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On the link between STI & Development: What matters for African nations? EGBETOKUN, Abiodun A. SIYANBOLA, Willie O. National Centre for Technology Management (NACETEM) Federal Ministry of Science and Technology, Nigeria www.nacetem.org
CONTENTS • Introduction • STI & Development: the Link • Making STI more development relevant • Directions for Action • Conclusion
INTRODUCTION • Transition into modern economies will involve considerable investment and use of new knowledge prosecuted mainly through science, technology and innovation (STI). • Most problems in the developing world do not require esoteric advances in knowledge but the effective assimilation, adaptation, use and improvement of existing knowledge • It is the synergy of Science, Technology and Innovation (STI) that leads to economic progress
STI AND DEVELOPMENT: THE LINK (1) • The key cause of the competitive gap between nations and organisations today is knowledge: nations can no longer compete based purely on natural resource and locational advantages. • The economic progress recorded in the 50 leading S&T countries is much higher than in the rest of the world. • While the average wealth per capita in these 50 countries grew by 1.1% between 1986 and 1994, the per capita income of the other 130 countries of the world fell by 1.5% over the same period
STI AND DEVELOPMENT: THE LINK (2) • Most of the developing economies in Asia, Africa, and Latin America have failed to make the needed investments • The measures of national social well-being are generally low for Africa despite the abundant human and natural resources that the continent is endowed with
GDI & HDI FOR SELECTED REGIONS (UNDP, 2005) Not too far for us to go!
SCIENCE AND TECHNOLOGY (S&T) TECHNOLOGY SCIENCE STI 2 DEV: WHICH WAY FOR AFRICA? (1) • OLD PARADIGM: • As a result of the forward & backward linkage, Science and Technology (S&T) is now a hybrid concept. • Innovation is left out
e TECHNOLOGY INNOVATION a b SCIENCE d c STI 2 DEV: WHICH WAY FOR AFRICA? (2) • NEW PARADIGM • a = Science and Technology; • b = Technology and Innovation; • c = Science and Innovation; • d = Science, Technology and Innovation, • e = the National Innovation System (NIS), the domain in which all activities take place
STI 2 DEV: THE NEW PARADIGM EXPLAINED (1) • Domain a typically results in the generation of new/improved/cutting-edge knowledge & methods without regard to economic benefits. • This has the potential to bestow leadership upon any nation but it will not, by any means, translate automatically into observable economic benefits.
STI 2 DEV: THE NEW PARADIGM EXPLAINED (2) • In domain b, the kind of activities that would typically take place would relate to the acquisition of embodied technology and an aggressive pursuit of foreign direct investment (FDI) as a way to drive growth. • The advantages in this domain for African countries are limited by two main factors: • Speed • Institutional deficiencies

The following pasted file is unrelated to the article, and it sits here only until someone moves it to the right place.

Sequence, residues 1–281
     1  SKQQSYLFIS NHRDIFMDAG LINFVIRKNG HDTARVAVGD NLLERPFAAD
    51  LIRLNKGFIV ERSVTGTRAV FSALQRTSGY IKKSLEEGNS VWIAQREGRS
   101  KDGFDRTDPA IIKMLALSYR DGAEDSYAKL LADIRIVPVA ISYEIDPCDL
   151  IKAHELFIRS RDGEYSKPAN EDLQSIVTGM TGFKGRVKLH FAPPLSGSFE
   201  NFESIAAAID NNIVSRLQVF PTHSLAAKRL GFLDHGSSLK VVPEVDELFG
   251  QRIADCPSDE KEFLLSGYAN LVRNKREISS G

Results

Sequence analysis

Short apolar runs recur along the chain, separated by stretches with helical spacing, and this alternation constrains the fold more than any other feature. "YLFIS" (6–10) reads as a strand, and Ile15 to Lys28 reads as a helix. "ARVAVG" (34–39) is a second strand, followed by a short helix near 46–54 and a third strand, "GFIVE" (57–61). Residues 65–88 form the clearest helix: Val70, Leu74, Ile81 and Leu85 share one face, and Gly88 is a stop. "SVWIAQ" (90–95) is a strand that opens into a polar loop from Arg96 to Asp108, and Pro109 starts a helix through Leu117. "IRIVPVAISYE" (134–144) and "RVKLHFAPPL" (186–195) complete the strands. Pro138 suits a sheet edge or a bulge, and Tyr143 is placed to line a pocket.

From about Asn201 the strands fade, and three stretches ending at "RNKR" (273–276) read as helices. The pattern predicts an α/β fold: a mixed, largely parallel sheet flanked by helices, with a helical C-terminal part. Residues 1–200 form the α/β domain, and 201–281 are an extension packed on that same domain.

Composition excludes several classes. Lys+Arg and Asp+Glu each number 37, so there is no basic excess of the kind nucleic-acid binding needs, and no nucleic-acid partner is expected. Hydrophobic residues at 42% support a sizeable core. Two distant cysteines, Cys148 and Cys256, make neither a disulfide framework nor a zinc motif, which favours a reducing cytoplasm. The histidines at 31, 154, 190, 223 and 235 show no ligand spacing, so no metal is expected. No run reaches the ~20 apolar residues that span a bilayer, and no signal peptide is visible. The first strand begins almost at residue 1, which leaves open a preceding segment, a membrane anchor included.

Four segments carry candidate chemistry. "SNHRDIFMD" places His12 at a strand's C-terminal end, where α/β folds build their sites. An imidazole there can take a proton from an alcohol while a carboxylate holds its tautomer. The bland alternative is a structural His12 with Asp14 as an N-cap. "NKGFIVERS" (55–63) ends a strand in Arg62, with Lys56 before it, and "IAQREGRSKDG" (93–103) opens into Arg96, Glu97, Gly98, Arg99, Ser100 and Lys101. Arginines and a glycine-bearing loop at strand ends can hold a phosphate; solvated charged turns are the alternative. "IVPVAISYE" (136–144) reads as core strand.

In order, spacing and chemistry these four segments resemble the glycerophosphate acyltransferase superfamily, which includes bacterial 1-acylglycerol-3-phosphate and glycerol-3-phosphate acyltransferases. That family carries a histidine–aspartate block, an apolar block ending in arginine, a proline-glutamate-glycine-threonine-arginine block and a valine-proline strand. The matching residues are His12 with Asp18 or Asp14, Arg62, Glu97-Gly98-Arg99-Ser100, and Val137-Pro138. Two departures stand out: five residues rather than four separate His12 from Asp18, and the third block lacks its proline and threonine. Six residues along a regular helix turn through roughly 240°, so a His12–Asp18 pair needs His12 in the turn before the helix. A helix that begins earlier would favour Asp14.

STI 2 DEV: THE NEW PARADIGM EXPLAINED (3) • The Science-Innovation link of domain c suggests the creation of new economically useful knowledge in a country. • With the absence of technology, it becomes a particularly difficult and nearly impracticable link, for science will seldom yield any economic benefits in the absence of technology, whether near or remote.
STI 2 DEV: THE NEW PARADIGM EXPLAINED (4) • In d, the triad of science, technology and innovation co-exist. • Every African nation SHOULD aim at this domain • The joining together of science (increasing what we know), technology (applying what we know) and innovation (turning our applied knowledge into economic benefits and promoting the acquisition of new knowledge through learning-by-doing) is more useful than the singular contributions of any of science or technology.
STI 2 DEV: THE NEW PARADIGM EXPLAINED (4_1) • For a nation to withstand competition in this era of globalisation there is need for such to identify its niche areas and build on it by the application of scientific methods. • New technologies and industries may then be built around these areas of core competences. • BRAZIL: Sugar-cane • MALAYSIA: Oil Palm • CHILE: Salmon Fishery etc
CREATE A STRONG REACTOR: THE NIS • The NIS is the domain within which all STI activities take place. • It is the network of institutions/actors that interact to bring about changes • Its strength and tightness determines success • All stakeholders must be active and connected • Education & Research • Funding • Production/Private Sector • Policy Environment
STI 2 DEV: WHAT SHOULD WE DO? S&T in areas of local needs INNOVATION MONEY MONEY IDEAS
MAKING STI MORE DEV RELEVANT • Improved Funding: INCREASE AND ENLARGE • A new approach to University-Industry Linkage: Network partnerships = ACADEMIA + INDUSTRY + GOVT • Promotion of Interdisciplinary Research: CREATE ICoEs • Understanding the link between Science, Politics and Policy
DIRECTIONS FOR IMMEDIATE ACTION • Assess the environment within which African researchers work (organisational climate, work load, experience & attitude towards research) and how this affects their productivity • Development of STI indicators for the continent is long overdue. • An assessment of innovation capability in industry would be very useful.
CONCLUSION • For Africa to effectively position herself in domain d of the model proposed herein, careful attention must be paid to all of these issues. • In all of these areas, the National Centre for Technology Management (NACETEM), Nigeria’s major STI policy research agency is well-posited to lead action and to collaborate. • We train, we research, we collaborate
THANK YOU FOR YOUR ATTENTION • CONTACT • EGBETOKUN, Abiodun A • firstname.lastname@example.org • email@example.com • SIYANBOLA, Willie O. • firstname.lastname@example.org • email@example.com • WEBSITE: www.nacetem.org